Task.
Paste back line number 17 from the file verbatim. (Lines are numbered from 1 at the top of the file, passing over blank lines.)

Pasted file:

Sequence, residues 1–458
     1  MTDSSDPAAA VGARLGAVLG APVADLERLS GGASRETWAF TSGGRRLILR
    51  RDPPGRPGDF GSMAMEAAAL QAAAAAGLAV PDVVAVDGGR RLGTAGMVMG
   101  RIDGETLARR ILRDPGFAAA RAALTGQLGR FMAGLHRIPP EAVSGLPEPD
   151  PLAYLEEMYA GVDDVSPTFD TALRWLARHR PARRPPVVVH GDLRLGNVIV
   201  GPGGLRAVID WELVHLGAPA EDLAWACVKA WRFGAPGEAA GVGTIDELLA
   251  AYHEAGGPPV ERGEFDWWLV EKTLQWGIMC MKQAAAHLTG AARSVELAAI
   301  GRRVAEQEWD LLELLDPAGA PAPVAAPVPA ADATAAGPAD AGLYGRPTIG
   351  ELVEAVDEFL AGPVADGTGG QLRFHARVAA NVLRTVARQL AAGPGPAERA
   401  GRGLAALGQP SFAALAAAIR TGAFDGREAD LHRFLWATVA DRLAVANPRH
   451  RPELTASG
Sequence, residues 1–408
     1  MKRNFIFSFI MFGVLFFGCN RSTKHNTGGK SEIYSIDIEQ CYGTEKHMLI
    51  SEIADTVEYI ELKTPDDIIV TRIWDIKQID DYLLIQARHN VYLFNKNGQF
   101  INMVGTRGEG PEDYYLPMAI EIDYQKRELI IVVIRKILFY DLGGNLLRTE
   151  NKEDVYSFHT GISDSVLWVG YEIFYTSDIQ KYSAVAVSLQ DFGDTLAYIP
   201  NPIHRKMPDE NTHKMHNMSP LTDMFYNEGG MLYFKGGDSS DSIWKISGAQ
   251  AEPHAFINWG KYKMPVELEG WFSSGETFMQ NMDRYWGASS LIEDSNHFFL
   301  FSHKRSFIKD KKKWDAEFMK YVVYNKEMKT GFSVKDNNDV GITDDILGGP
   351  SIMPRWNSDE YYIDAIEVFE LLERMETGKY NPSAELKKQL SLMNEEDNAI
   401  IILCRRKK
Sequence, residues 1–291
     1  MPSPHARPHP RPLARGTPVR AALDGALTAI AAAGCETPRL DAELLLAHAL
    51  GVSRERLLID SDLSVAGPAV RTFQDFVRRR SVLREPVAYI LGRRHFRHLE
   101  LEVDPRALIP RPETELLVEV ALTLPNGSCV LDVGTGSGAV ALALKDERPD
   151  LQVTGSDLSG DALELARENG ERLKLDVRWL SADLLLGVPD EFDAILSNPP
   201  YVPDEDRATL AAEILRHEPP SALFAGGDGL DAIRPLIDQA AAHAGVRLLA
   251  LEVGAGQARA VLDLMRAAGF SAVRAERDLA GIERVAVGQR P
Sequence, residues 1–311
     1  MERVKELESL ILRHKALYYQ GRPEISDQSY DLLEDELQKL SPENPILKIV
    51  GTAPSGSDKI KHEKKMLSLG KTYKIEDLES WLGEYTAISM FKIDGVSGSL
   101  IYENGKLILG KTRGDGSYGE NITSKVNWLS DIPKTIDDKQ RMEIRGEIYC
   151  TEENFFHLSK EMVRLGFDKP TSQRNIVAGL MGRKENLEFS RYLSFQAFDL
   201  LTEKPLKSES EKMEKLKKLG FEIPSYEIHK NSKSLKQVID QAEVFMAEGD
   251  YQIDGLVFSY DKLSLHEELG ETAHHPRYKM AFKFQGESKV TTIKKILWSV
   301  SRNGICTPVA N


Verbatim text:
   201  NPIHRKMPDE NTHKMHNMSP LTDMFYNEGG MLYFKGGDSS DSIWKISGAQ